You’ve probably heard of “Doctor’s Row” in Crown Heights, Brooklyn. This historically distinguished professional neighborhood stretched from New York Avenue to Kingston Avenue on President Street. In the early 1900s, doctors working for Kings County Hospital, (now Kings County Hospital Center) Brooklyn Jewish Hospital, (now Brooklyn Jewish Hospital Apartment Complex) or The House of St. Giles the Cripple (now St. Mark’s Day School) lived in style along President Street.
Beginning in the 1860s, before there was a “Doctor’s Row”, St. Marks Avenue housed some of the wealthiest and most powerful men in the City of Brooklyn.
According to the New York City Landmarks Preservation Commission’s Neighborhood Profile, prominent industrialists like the founders of the Underwood Typewriter and Gillette Company built exclusive mansions with magnificent gardens there.
Abraham Abraham, a Crown Heights hidden figure, lived at 800 St. Marks between Brooklyn and New York Avenues. The Brooklyn Eagle said, his city home was located in Crown Heights, Brooklyn while his country home nestled in Thousand Islands, New York. Today, his mansion no longer stands, in fact the number 800 doesn’t even exist on the block.
Abraham, a successful businessman and sincere philanthropist, loved Brooklyn and enjoyed supporting the city; he did much for the growth and development of old Brooklyn. He is best known though for co-founding the celebrated Brooklyn department store — Abraham & Straus.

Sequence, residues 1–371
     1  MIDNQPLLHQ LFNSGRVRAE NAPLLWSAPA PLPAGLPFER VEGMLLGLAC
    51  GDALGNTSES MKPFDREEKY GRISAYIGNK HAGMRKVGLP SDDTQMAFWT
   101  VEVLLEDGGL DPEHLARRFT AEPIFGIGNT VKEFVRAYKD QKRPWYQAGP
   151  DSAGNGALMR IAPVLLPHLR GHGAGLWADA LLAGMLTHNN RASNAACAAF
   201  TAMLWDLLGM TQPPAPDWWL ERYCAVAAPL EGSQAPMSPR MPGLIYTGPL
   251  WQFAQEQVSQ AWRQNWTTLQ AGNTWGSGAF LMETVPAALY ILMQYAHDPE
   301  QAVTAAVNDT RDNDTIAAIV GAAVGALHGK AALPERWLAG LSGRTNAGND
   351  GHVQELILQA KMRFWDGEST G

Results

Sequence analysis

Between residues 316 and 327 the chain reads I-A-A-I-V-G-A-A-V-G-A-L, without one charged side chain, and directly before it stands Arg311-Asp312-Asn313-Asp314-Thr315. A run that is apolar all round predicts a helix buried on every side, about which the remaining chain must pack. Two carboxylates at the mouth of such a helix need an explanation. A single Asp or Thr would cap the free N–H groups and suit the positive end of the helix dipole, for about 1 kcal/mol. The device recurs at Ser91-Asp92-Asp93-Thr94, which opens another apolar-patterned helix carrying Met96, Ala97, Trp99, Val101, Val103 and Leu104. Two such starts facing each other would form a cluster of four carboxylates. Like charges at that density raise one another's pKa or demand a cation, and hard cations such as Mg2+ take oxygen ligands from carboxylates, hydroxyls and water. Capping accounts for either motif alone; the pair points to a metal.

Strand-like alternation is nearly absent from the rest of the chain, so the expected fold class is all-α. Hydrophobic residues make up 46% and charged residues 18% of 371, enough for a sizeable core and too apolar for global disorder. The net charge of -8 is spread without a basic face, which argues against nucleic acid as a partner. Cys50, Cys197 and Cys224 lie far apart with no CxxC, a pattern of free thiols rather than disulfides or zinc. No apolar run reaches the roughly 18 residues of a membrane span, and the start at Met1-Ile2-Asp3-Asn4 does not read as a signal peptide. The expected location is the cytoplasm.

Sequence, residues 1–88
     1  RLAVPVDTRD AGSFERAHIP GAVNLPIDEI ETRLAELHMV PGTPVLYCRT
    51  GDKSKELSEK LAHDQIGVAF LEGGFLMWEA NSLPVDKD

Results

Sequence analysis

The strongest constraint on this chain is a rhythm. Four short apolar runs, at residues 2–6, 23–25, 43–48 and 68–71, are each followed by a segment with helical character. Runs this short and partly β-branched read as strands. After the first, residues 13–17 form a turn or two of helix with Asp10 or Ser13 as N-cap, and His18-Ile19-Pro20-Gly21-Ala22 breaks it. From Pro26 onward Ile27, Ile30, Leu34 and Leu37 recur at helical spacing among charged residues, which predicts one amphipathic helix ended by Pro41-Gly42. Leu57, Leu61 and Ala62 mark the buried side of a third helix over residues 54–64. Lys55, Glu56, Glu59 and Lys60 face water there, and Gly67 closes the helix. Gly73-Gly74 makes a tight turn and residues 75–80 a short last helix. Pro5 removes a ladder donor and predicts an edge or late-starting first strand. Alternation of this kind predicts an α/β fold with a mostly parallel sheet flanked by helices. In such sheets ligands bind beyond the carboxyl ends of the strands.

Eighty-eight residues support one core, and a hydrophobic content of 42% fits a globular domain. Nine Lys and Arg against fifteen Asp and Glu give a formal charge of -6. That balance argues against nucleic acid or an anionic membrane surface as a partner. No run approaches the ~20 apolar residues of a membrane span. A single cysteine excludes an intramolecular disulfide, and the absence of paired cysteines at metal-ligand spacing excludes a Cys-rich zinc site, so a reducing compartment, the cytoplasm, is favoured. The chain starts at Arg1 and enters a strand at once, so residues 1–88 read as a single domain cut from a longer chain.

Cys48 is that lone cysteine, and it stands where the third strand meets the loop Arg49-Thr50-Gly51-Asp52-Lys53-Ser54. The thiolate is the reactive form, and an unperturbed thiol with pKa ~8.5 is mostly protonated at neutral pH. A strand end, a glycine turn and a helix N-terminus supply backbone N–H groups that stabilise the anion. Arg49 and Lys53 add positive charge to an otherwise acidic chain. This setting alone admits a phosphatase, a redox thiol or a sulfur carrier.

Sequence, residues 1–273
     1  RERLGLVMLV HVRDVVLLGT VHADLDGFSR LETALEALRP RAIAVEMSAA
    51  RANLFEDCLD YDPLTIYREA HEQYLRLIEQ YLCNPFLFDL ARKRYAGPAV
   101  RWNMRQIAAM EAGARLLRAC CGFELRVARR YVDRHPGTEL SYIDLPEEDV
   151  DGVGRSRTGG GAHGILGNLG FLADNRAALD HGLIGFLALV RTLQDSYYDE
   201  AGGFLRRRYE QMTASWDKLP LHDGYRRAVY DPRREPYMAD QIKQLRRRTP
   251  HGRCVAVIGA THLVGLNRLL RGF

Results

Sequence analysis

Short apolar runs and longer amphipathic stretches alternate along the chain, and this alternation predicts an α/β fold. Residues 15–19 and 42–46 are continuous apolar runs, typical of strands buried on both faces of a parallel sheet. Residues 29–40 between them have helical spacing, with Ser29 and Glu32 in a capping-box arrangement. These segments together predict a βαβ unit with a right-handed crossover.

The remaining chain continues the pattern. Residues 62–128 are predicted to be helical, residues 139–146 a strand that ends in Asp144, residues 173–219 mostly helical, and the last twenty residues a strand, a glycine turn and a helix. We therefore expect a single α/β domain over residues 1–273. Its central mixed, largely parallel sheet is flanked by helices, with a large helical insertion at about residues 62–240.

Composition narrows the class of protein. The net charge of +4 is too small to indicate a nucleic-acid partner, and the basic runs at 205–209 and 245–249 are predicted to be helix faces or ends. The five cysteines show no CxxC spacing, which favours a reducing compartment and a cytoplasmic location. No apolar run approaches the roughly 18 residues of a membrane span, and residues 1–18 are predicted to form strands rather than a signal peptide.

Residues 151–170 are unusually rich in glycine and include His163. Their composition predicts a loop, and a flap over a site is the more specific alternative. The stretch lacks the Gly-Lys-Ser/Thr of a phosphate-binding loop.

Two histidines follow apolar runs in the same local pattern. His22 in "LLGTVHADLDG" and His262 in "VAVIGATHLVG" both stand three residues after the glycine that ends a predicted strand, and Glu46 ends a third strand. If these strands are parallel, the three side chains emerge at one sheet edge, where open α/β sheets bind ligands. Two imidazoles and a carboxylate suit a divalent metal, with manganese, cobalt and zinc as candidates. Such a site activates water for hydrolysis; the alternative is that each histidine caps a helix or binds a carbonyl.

Abraham was born March 9, 1843. According to reports, he was a sickly child who missed many days of class because of his health. At an early age, he proved to be quite entrepreneurial. By 22, he had opened a store with his partner, Joseph Wechsler. Wechsler & Abraham sold dry goods (ready-to-wear clothing and notions) in their small shop at 297 Fulton Street — an address that no longer exists as it was absorbed into Cadman Plaza. Business boomed. By the time the Brooklyn Bridge opened in 1883 connecting Brooklyn to Manhattan, Abraham began looking for larger territory. He envisioned a downtown shopping area long before his competitors.
In 1885 the business moved to 422 Fulton Street. Abraham began utilizing the entire block for his grand Brooklyn department store. By 1893, Wechsler’s interest was purchased and the store’s name changed to Abraham & Straus (A&S). Nathan and Isidor Straus (Isidor later died on the Titanic in 1912) and Simon Rothschild were Abraham’s new partners. For 100 years the A&S flagship store thrived on Fulton Street. Sadly by 1995, the brand had died; the store was turned into a still standing Macy’s Department Store.
Abraham was proud of Brooklyn. He was also a major financial donor to Brooklyn Jewish Hospital and became its first President. Before dying in 1911, he contributed generously, both time and money, to making the city great. By the way, Abraham supported the idea of the five boroughs becoming one — New York City.
William J. Gaynor, Mayor of the consolidated New York City (1910-1913), once said, “I never knew of a more just and equitable man than Mr. Abraham.”